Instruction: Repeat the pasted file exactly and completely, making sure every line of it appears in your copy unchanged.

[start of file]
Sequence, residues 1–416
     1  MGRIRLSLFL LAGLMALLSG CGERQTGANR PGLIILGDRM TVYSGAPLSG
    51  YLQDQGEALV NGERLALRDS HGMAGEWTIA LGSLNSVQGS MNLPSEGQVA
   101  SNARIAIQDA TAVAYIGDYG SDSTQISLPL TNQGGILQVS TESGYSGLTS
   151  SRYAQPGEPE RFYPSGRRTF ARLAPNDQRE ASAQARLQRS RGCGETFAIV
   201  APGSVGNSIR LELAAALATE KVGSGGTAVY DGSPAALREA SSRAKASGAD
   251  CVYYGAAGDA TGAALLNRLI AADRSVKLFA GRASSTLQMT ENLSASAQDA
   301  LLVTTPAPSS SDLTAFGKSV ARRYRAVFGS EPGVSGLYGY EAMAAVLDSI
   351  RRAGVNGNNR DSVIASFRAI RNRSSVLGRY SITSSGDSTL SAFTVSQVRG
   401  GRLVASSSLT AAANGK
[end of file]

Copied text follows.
Sequence, residues 1–416
     1  MGRIRLSLFL LAGLMALLSG CGERQTGANR PGLIILGDRM TVYSGAPLSG
    51  YLQDQGEALV NGERLALRDS HGMAGEWTIA LGSLNSVQGS MNLPSEGQVA
   101  SNARIAIQDA TAVAYIGDYG SDSTQISLPL TNQGGILQVS TESGYSGLTS
   151  SRYAQPGEPE RFYPSGRRTF ARLAPNDQRE ASAQARLQRS RGCGETFAIV
   201  APGSVGNSIR LELAAALATE KVGSGGTAVY DGSPAALREA SSRAKASGAD
   251  CVYYGAAGDA TGAALLNRLI AADRSVKLFA GRASSTLQMT ENLSASAQDA
   301  LLVTTPAPSS SDLTAFGKSV ARRYRAVFGS EPGVSGLYGY EAMAAVLDSI
   351  RRAGVNGNNR DSVIASFRAI RNRSSVLGRY SITSSGDSTL SAFTVSQVRG
   401  GRLVASSSLT AAANGK